Photo Gallery 1 Images
At 1800 Jordan Lane in Huntsville, you feel the pulse of a community's drumline.
For many of these children, the Huntsville Community Drumline is actually a lifeline to stay out of trouble.
"(The drumline) keeps them off the street, and it's more than a drumline. It's like family," said Jessica Jones, a single parent whose son, Fasari, is a section leader in the drumline. "And, they have helped so much and he (Fasari) has come so far."
Fasari's father was a victim of murder and Jessica wanted to make sure he stayed out of trouble and didn't become a statistic like his dad.
"It's hard, you know?" said Jones. "So, it really makes me proud if he's out, he's being respectful, he's doing what he's supposed to do."
She credits the Huntsville Community Drumline for giving Fasari a safe haven. She gives even more credit to the drumline's founder, Angela Walker.
"I would say that drums are the tools that we use," said Walker. "Our ultimate goal, if they don't become drummers, if they don't become musicians, we're OK. We want them to become contributing members of our society."
Walker's passion for the Huntsville Community Drumline really started about 10 years ago when she read an article about a young man named Martin Lee who lost his life way too soon. She decided she needed to do something to save the lives of at-risk kids in the community.
"Now, I could sit there complaining all the time watching the news and wondering why didn't someone do something, why doesn't someone provide more programs, more activities, more things for kids to do?" said Walker. "And, then, it's like why can't you do it? And, I'm like, me, why me?"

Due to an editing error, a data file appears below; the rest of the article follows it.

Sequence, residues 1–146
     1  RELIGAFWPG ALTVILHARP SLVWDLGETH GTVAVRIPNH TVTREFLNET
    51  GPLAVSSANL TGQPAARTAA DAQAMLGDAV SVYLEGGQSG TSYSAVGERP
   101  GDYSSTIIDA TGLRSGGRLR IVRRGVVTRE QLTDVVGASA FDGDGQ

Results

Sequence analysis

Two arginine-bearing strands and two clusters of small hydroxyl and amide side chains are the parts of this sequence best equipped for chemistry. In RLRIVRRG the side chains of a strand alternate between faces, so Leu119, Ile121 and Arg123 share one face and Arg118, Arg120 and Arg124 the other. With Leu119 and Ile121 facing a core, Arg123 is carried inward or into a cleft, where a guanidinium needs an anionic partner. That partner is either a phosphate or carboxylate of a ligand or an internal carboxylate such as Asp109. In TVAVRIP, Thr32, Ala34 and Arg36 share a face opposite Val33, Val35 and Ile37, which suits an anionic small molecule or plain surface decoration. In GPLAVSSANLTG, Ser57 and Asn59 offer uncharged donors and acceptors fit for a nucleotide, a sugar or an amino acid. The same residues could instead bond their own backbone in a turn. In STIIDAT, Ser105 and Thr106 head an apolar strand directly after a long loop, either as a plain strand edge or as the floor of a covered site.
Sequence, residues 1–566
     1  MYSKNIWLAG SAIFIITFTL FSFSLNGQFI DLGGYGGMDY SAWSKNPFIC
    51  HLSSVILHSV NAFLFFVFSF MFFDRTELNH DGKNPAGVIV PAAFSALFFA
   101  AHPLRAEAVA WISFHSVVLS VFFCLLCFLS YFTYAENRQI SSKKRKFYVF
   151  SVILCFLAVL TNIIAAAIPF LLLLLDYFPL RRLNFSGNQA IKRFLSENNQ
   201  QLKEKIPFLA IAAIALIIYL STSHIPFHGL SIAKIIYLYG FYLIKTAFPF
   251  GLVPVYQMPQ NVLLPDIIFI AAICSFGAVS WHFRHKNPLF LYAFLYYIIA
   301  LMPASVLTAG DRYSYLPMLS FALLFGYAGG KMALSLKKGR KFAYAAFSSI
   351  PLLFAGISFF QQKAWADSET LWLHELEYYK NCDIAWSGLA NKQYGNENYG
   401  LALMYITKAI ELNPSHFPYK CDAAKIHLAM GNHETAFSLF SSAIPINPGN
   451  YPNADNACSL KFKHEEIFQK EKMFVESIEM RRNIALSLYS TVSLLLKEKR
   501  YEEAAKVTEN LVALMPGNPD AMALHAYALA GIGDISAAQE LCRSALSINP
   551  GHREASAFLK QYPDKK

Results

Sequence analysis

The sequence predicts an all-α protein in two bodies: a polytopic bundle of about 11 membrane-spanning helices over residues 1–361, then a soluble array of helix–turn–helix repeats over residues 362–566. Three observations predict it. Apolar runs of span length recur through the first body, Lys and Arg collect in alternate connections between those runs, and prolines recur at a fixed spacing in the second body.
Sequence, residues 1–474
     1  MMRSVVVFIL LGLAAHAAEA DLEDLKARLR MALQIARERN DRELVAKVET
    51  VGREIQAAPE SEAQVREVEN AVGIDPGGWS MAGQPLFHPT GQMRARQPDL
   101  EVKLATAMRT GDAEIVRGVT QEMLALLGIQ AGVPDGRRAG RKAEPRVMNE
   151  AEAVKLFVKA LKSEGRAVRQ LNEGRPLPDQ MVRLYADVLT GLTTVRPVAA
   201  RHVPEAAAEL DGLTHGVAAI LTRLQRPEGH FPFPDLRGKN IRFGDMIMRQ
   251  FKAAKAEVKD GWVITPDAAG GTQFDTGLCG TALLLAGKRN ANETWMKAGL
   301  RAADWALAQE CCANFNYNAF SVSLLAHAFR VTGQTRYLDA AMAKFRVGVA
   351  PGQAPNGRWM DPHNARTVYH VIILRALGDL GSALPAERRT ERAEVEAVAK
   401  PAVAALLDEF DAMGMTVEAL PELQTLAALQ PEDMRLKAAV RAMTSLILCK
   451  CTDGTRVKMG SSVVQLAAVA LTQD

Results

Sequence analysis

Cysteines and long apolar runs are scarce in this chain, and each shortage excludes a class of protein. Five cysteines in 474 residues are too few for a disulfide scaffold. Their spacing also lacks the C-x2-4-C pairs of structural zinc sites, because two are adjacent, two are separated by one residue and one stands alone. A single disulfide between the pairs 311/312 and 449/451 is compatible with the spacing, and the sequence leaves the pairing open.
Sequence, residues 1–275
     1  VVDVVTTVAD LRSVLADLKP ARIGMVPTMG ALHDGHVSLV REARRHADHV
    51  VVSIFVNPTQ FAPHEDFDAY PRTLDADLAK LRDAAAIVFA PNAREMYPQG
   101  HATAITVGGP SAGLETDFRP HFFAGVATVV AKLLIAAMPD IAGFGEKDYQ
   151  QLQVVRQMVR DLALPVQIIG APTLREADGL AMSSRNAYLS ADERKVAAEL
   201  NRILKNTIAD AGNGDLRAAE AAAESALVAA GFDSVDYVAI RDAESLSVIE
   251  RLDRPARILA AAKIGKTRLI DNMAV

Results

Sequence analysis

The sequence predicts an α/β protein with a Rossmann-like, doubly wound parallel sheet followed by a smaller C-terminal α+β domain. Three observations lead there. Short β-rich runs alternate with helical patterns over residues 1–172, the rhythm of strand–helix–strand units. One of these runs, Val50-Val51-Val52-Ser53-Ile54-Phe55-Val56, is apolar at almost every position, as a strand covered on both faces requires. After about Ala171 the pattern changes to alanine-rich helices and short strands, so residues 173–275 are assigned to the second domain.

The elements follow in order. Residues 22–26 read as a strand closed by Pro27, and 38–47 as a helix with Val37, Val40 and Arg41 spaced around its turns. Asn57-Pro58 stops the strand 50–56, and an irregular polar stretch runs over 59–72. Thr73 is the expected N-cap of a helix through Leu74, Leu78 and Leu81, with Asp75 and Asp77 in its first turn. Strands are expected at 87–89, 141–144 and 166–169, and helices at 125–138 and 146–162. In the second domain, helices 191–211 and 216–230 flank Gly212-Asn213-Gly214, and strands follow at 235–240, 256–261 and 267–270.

Walker, a retired teacher, decided to get involved. She purchased a vacant warehouse and then opened Huntsville Community Drumline.
Since then, more than 2,000 children - including Fasari Jones - have come through this program. Some even received college music scholarships. They all learned the rhythm of life.
"It does require a lot from them to work together as a team, and that's important because we eventually want them to have jobs," said Walker. "So, they're going to have to learn to work with somebody that you don't know that you will have to work with."
The program is popular. It has been introduced in a few Huntsville City Schools, like Highlands Elementary School. The principal of Highlands, Hovet Dixon, praised the program's special ability to lead by example and keep at-risk children out of trouble.
"We hold (the students) to high regard," said Dixon. "We see them out of line, we remind them that, hey, you have something that you love to do (Huntsville Community Drumline), and if that's something you love to do, we expect the same from both facets - whether you're in drumline getting that free service, or whether you're right here in this classroom. We're giving you something that will better your future."
The popular drumline has been able to remain in operation because of generous donations received from the community. Walker said its success is proof positive that it gives young men a fighting chance at a good life.
"It's a faith journey and God just has a way of working things out," said Walker.
- Hometown Heroes: Huntsville woman uses power of drums to save young men’s lives
- Hometown Heroes: Huntsville veteran dedicated to serving fellow service members
- Huntsville man, inspired by brother’s murder, fighting to save young men’s lives
- Hometown Heroes: Madison County woman helping moms, children in need
- Hero security guard saves lives during nightclub shooting
- Hometown Heroes: Boy’s flags honor fallen police officers like Huntsville’s Billy Clardy III
- Hometown Heroes: Huntsville photographer captures joy during a time of isolation
- WAAY 31 honors Hometown Hero Sgt. George Mills of Decatur
- Waffle House hero visits Huntsville
- Huntsville Mental Health Court changing lives, saving money